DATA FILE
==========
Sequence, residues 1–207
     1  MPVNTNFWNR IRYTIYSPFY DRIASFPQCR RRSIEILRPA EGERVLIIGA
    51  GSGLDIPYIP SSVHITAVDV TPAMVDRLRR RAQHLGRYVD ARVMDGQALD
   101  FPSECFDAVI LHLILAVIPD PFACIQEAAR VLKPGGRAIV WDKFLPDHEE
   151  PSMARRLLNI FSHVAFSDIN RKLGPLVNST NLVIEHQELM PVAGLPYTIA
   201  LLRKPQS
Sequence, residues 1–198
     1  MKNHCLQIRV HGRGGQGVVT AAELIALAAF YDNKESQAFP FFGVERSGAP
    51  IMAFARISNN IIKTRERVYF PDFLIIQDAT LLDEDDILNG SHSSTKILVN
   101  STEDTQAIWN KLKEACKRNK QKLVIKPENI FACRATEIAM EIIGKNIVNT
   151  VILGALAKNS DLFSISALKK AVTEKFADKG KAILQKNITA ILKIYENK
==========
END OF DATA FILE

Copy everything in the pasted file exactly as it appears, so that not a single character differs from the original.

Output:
Sequence, residues 1–207
     1  MPVNTNFWNR IRYTIYSPFY DRIASFPQCR RRSIEILRPA EGERVLIIGA
    51  GSGLDIPYIP SSVHITAVDV TPAMVDRLRR RAQHLGRYVD ARVMDGQALD
   101  FPSECFDAVI LHLILAVIPD PFACIQEAAR VLKPGGRAIV WDKFLPDHEE
   151  PSMARRLLNI FSHVAFSDIN RKLGPLVNST NLVIEHQELM PVAGLPYTIA
   201  LLRKPQS
Sequence, residues 1–198
     1  MKNHCLQIRV HGRGGQGVVT AAELIALAAF YDNKESQAFP FFGVERSGAP
    51  IMAFARISNN IIKTRERVYF PDFLIIQDAT LLDEDDILNG SHSSTKILVN
   101  STEDTQAIWN KLKEACKRNK QKLVIKPENI FACRATEIAM EIIGKNIVNT
   151  VILGALAKNS DLFSISALKK AVTEKFADKG KAILQKNITA ILKIYENK